An Exercise in Restraint – Empire House by Austin Maynard Architects
Canberra, ACT, Australia

Photography Derek Swalwell
Words Bronwyn Marshall

Turning their back on the popular and expected course of demolishing the existing to rebuild, the clients for Empire House wanted to maintain the original and celebrate its story. Austin Maynard Architects shared this unapologetic dedication to preserving the character of the area and the integral era the home represents.

Sitting amongst a culturally and architecturally integral area of Canberra, the original home was an exemplar of the local housing stock that the clients and architects were driven to preserve. Confronted with the question of how to extend, while sensitively approaching the existing, the team was adamant not to demolish the original home, nor to simply add a large, ill-conceived attachment. Delving instead into the rear sloping garden space, two new pavilions were conceived as a way to add the required amenity, expanding the home’s program and offering built conditions that engage directly with the lush landscape setting.

Sitting amongst a culturally and architecturally integral area of Canberra, the original home was an exemplar of the local housing stock that the clients and architects were driven to preserve.

Set on a ring-road that forms part of Walter Burley Griffin’s original masterplan, the home sits alongside a number of other period homes, that are an architectural manifestation of the capital’s history.

Austin Maynard Architects sees it as the responsibility of the architect to educate and encourage a restoration of our history, where appropriate. Empire House is an example of shared values between client and architect, who were equally unequivocal that the preservation of an important part of Canberra’s architectural history had to occur. Set on a ring-road that forms part of Walter Burley Griffin’s original masterplan, the home sits alongside a number of other period homes, that are an architectural manifestation of the capital’s history.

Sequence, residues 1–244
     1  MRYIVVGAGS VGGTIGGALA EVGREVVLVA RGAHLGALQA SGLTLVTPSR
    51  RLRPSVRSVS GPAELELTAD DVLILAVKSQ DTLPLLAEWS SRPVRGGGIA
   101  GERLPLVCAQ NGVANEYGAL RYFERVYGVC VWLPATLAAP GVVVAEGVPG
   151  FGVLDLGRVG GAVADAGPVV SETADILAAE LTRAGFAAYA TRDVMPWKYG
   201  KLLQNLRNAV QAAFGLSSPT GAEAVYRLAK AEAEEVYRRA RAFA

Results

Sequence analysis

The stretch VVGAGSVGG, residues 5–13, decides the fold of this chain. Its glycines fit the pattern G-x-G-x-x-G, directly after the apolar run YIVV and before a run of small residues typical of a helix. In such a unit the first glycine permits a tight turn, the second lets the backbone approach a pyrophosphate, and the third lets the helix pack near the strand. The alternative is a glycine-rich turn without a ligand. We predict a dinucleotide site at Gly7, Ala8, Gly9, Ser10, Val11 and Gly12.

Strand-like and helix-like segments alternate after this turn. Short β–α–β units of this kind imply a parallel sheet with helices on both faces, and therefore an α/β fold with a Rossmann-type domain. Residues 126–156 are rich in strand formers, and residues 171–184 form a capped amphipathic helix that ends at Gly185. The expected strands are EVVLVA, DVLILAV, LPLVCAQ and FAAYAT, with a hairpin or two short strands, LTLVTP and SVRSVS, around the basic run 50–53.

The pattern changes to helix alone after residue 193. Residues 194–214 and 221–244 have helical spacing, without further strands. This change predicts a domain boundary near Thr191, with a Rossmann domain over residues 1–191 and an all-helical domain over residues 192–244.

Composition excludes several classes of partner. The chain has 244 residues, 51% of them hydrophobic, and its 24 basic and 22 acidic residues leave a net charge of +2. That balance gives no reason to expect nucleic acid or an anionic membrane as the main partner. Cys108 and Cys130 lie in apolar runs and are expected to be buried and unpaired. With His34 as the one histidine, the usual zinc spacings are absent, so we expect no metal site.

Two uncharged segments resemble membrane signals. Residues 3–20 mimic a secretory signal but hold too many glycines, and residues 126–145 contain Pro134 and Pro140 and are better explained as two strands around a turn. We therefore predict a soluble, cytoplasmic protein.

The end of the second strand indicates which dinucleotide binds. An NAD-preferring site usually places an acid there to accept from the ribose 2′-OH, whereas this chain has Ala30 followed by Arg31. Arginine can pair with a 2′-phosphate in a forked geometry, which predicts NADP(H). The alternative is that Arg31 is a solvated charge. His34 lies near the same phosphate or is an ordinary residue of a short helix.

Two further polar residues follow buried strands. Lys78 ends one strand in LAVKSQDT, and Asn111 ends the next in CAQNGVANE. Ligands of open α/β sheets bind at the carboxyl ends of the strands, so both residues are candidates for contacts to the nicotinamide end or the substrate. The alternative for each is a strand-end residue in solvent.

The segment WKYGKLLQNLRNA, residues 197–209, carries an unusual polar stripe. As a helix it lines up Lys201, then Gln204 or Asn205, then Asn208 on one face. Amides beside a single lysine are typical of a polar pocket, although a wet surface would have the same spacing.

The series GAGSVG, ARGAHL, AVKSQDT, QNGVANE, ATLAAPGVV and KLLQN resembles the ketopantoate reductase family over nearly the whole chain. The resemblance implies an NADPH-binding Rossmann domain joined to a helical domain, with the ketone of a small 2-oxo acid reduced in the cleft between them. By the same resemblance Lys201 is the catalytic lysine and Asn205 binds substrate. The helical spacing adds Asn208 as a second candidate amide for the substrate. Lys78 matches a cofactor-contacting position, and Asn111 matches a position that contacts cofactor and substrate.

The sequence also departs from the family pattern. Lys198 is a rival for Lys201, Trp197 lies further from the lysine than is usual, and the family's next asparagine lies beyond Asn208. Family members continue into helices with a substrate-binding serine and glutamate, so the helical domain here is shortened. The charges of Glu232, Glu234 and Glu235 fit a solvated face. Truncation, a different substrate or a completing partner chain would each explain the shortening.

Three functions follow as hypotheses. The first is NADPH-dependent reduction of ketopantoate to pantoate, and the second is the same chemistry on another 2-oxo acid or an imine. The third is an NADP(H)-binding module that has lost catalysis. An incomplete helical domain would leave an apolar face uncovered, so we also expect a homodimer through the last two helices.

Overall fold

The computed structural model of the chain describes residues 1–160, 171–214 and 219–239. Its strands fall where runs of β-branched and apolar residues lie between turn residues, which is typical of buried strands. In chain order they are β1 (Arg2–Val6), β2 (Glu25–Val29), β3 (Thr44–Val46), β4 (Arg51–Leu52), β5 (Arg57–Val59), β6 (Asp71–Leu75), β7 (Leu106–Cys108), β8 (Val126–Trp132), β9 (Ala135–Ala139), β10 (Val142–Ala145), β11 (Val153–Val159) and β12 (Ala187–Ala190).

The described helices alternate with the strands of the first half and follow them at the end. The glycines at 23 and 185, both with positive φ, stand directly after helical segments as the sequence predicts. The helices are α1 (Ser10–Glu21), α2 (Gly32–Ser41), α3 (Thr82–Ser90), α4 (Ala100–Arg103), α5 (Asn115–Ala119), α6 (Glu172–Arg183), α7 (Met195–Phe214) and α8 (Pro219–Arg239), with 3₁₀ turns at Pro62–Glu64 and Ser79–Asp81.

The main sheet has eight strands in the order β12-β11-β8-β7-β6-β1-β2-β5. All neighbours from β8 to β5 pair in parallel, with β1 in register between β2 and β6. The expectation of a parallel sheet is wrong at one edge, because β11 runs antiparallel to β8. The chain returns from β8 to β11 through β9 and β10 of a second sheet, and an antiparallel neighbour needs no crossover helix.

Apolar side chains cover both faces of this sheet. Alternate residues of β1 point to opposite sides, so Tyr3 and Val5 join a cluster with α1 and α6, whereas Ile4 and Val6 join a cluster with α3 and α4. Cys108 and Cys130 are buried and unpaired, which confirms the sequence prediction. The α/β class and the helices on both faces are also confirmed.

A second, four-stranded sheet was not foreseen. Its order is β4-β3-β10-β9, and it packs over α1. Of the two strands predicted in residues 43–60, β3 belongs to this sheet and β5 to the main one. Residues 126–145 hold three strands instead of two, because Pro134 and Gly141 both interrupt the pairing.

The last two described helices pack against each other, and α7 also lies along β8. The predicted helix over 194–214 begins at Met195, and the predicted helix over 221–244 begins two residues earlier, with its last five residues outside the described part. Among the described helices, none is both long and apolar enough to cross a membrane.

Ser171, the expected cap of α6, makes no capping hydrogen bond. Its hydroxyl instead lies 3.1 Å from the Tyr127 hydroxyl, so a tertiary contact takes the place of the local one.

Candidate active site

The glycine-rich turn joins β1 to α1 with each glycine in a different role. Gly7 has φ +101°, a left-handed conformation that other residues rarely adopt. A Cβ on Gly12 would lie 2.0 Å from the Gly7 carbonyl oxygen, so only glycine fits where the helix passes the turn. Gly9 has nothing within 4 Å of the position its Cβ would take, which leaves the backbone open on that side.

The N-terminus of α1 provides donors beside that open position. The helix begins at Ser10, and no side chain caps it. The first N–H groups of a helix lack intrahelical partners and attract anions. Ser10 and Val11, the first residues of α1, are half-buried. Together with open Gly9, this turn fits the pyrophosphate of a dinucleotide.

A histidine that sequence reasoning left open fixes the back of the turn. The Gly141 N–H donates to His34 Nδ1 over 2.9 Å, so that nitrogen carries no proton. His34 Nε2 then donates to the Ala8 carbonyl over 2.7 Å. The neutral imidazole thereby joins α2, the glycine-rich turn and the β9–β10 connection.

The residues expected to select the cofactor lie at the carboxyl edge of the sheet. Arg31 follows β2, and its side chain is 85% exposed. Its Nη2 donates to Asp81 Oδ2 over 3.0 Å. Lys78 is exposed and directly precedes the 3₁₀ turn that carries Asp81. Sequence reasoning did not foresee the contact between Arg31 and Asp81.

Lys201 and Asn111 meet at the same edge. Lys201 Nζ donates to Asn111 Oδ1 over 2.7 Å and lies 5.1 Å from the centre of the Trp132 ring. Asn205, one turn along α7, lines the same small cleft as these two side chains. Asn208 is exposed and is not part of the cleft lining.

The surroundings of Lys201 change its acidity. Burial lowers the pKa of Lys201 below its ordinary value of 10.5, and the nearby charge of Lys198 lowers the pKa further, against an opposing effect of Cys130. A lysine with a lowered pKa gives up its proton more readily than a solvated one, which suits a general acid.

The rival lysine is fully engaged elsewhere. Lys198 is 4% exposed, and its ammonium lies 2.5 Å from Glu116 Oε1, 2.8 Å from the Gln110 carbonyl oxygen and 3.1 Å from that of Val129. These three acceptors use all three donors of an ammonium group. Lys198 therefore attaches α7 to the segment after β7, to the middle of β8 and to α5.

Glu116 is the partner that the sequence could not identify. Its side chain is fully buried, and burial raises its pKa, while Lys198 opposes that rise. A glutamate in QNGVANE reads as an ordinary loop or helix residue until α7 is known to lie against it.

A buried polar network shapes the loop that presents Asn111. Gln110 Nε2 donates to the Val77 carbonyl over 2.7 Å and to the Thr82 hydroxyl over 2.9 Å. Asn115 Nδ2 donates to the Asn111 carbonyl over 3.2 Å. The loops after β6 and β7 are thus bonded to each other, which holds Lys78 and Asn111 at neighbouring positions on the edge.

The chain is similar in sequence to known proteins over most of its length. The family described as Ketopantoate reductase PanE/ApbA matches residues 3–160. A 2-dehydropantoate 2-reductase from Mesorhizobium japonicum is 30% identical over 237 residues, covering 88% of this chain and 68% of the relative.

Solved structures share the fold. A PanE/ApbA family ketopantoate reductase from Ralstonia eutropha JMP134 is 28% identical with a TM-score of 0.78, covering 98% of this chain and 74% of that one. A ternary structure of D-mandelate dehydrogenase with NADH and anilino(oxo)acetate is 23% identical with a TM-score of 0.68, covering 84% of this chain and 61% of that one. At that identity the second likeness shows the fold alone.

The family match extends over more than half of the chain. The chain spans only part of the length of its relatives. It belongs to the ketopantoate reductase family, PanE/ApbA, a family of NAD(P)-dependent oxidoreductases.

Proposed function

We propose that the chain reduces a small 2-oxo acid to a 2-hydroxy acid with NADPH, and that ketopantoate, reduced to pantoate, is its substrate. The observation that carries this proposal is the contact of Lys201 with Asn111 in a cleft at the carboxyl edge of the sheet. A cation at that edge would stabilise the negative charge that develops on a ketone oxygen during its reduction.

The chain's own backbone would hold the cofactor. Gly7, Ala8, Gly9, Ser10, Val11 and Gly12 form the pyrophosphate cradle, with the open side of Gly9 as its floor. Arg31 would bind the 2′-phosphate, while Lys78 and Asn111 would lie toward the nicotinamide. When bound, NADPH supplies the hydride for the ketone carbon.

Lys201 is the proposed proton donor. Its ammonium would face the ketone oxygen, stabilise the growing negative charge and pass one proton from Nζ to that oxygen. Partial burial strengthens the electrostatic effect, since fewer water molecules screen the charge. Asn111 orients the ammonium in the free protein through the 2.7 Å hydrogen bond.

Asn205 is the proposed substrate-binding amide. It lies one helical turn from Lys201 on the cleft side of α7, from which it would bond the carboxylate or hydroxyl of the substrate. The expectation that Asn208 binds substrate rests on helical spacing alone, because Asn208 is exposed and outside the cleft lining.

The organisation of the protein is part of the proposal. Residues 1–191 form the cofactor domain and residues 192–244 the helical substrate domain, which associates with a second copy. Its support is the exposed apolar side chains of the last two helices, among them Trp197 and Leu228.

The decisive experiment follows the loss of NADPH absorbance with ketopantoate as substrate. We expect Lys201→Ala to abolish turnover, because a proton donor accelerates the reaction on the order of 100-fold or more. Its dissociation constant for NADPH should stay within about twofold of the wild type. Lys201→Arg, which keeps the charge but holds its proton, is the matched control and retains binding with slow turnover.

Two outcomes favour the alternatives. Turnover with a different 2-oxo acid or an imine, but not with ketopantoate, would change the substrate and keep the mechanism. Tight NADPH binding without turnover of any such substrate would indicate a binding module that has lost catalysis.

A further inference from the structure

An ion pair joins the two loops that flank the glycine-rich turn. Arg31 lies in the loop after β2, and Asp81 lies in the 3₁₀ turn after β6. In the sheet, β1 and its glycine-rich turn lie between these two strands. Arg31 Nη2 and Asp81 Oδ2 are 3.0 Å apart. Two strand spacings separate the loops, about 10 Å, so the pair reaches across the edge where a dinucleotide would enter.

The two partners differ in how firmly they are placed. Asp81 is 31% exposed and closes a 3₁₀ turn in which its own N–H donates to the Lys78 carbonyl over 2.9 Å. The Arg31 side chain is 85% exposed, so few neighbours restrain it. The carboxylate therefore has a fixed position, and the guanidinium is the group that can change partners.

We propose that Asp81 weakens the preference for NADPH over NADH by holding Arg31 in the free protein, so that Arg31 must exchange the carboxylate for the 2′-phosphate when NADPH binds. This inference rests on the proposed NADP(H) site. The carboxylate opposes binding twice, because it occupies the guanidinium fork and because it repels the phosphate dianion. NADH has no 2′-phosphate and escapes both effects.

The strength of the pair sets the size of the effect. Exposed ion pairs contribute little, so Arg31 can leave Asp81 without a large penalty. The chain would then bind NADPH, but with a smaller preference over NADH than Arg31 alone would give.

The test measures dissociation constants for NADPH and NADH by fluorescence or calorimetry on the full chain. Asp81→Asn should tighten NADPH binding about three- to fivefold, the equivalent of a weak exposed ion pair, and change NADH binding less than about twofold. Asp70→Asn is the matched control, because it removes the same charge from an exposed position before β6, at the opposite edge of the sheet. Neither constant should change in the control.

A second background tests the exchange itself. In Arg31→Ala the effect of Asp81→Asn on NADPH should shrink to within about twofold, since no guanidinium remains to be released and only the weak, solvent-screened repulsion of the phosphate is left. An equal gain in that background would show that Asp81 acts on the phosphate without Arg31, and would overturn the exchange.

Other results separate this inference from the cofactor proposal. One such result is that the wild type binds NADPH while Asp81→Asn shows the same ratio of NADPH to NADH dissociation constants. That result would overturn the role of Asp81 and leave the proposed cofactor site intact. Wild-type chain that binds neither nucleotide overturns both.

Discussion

Set on a ring-road that forms part of Walter Burley Griffin’s original masterplan, the home sits alongside a number of other period homes, that are an architectural manifestation of the capital’s history.

The extension, taking heeded direction from the original home, expresses the hand-made and crafted as important defining details.

With the clients wanting some additional space for the family home, two pavilion structures were added to the rear. Connected to the front dwelling through a clearing in the site, a glass walkway offers a sense of relief in the mass and formally separates the old from the new. The extension, taking heeded direction from the original home, expresses the hand-made and crafted as important defining details. While overlapping shingles encase the outside of the new pavilions, the interior sees timber line the walls and ceiling, adding a welcomed warmth. The thermal mass of the polished concrete flooring helps control the spaces climatically, while the brick base offers a nod to the materiality of the original home.

Connected to the front dwelling through a clearing in the site, a glass walkway offers a sense of relief in the mass and formally separates the old from the new.

Empire House adds to the wellbeing of its residency by further engaging with the landscape, by immersing its residents within two separate, but carefully connected, structures.

Bringing the new kitchen, living and dining out into the garden setting saw their relocation from within the original, and the subsequent repurposing of the more formal planning zones. Opening up skyward, the pavilions make best use of the available natural light to enter the new spaces and provide the opportunity for solar heat gains and releases to occur through the openings provided. Empire House adds to the wellbeing of its residency by further engaging with the landscape, by immersing its residents within two separate, but carefully connected, structures. Austin Maynard Architects, emphasising the rigor and curiosity for which the practice is known, has rightfully preserved a significant piece of Canberra’s history, and created two more highly crafted accompanying pavilions.

Empire House adds to the wellbeing of its residency by further engaging with the landscape, by immersing its residents within two separate, but carefully connected, structures.

Tlp Empire House Austin Maynard 30
Published 6 March, 2020
Photography  Derek Swalwell
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